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.41 - .. 1 -,:;, , 4,..e,i; -d I f ..iwlei-4 ' 4-
relied pistol, deliberately presented . kto the breast
of Geri. Jackson, , and pulled the trigger. 1141;per•
cusaion cap exploded without dieching,.the
tat. Finding himself battled in this idiotism he
drew the second pistol, whiclitad the same elect
—the percussion cap exploded, and no harm . wall
done. So adroitly did taint:we act, and. so
dense was the crowd, that he was not discovered
by any one at the momentexcept General Jack
son, who raised his cane andstruck at, bat
Missed his object. As he . raised his cane, he
ejaculated an emphatic expression, familiar to
himself, which arrested the attention of others,
When Lavirence was secured by Capt. Gedney, of
the Navy, who clasped him itt his aims, and then
pinioned him. The cry was iustatnly, "kill him !
kill 'him ! kill the assassin I" Gedney, however
- held the a_•eeissin fast, and demaudeJ that law and
instice shotild tafe their ceursei hurried the mad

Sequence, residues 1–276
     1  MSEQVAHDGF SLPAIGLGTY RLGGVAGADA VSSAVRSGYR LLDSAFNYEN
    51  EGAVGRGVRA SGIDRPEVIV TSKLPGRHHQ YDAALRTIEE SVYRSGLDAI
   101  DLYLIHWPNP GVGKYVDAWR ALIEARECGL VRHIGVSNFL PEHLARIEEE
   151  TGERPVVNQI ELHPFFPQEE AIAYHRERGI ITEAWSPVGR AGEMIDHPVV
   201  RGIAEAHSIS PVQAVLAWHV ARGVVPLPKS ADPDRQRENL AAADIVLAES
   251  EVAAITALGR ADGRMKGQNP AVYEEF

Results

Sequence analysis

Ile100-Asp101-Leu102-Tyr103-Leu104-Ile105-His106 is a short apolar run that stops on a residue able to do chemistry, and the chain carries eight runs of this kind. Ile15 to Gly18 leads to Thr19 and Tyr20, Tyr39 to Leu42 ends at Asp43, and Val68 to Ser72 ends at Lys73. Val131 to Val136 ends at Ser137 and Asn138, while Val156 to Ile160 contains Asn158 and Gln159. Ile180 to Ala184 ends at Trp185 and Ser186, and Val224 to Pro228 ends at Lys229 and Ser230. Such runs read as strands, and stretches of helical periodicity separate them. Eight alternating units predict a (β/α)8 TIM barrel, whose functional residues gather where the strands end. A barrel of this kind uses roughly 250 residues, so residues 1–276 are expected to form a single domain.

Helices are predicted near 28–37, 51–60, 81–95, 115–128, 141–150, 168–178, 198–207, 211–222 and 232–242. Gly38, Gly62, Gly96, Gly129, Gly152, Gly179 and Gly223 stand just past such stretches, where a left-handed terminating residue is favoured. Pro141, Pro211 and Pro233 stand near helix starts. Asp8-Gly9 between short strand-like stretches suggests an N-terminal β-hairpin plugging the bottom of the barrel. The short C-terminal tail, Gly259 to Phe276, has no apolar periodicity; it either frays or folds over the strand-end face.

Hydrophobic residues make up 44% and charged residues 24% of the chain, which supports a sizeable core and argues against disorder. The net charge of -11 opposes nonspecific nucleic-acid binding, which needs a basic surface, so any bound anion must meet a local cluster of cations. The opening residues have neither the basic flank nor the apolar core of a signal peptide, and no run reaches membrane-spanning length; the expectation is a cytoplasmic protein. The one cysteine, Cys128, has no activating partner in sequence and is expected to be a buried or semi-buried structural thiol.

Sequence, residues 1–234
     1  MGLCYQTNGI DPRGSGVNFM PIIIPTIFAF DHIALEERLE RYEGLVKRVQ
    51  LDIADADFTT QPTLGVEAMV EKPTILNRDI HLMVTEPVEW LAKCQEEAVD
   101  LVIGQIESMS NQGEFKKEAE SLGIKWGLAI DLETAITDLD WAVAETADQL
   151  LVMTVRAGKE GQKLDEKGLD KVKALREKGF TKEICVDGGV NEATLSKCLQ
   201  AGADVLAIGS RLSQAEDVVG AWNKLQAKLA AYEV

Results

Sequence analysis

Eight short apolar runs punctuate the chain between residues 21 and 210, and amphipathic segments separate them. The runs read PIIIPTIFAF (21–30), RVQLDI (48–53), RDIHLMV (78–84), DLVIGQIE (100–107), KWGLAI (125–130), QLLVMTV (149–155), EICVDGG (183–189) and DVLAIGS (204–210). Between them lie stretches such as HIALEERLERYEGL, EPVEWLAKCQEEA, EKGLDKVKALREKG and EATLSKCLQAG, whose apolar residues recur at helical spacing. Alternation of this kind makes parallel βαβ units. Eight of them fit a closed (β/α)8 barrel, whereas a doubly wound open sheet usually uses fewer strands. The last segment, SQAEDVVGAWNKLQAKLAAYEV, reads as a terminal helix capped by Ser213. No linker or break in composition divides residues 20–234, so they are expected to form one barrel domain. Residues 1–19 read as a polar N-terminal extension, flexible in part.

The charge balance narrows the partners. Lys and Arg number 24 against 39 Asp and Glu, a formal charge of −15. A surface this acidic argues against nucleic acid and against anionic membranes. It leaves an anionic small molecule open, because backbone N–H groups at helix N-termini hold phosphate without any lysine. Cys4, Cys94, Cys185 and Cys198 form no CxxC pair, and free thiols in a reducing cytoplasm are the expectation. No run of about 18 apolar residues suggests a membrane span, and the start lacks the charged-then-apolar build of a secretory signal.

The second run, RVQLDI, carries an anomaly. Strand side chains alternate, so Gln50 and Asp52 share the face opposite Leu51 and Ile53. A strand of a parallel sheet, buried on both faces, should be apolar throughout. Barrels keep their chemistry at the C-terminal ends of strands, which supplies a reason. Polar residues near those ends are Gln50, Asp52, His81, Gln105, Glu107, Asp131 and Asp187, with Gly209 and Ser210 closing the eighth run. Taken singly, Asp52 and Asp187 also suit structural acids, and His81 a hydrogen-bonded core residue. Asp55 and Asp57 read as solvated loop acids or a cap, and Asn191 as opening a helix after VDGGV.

man into a carriage, and conveyed him to prison.
The excitement that immediately ensued, was
terrific; -the raass iu anendauce swayed-to and fro
hie the wares of the Ocean; and hundreds nit
knowing what was the actual cause of alarm. at
to make a precipitate retreat, to avoid be
ing trampled on.
Unfortunately, as it afterwards proved, the Hon
George Puindever, a Senator frc.tn the State of
Mississippi. was one among the first to make a
retreat. A- soon as the assemblage evinced an in
tease excitement. Mr. Poindexter. who had been
crippled in a duel, hobbled as last as he possibly
could to his carriage, and leaping into it, bade his
coachmen drive with all possible celerity, to Penn
ielliania Avenue. This extraordinary' movement